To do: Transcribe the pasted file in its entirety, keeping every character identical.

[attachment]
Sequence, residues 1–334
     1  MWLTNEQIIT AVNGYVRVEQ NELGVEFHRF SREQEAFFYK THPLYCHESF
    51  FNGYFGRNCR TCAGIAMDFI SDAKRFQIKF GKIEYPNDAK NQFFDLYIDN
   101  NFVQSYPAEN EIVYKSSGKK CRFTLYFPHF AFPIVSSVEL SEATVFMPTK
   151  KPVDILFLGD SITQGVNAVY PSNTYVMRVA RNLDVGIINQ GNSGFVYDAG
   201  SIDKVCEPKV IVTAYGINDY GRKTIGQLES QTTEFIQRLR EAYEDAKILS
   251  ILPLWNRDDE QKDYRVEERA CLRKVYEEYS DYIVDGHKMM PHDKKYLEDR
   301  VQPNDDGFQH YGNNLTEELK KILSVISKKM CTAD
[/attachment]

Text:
Sequence, residues 1–334
     1  MWLTNEQIIT AVNGYVRVEQ NELGVEFHRF SREQEAFFYK THPLYCHESF
    51  FNGYFGRNCR TCAGIAMDFI SDAKRFQIKF GKIEYPNDAK NQFFDLYIDN
   101  NFVQSYPAEN EIVYKSSGKK CRFTLYFPHF AFPIVSSVEL SEATVFMPTK
   151  KPVDILFLGD SITQGVNAVY PSNTYVMRVA RNLDVGIINQ GNSGFVYDAG
   201  SIDKVCEPKV IVTAYGINDY GRKTIGQLES QTTEFIQRLR EAYEDAKILS
   251  ILPLWNRDDE QKDYRVEERA CLRKVYEEYS DYIVDGHKMM PHDKKYLEDR
   301  VQPNDDGFQH YGNNLTEELK KILSVISKKM CTAD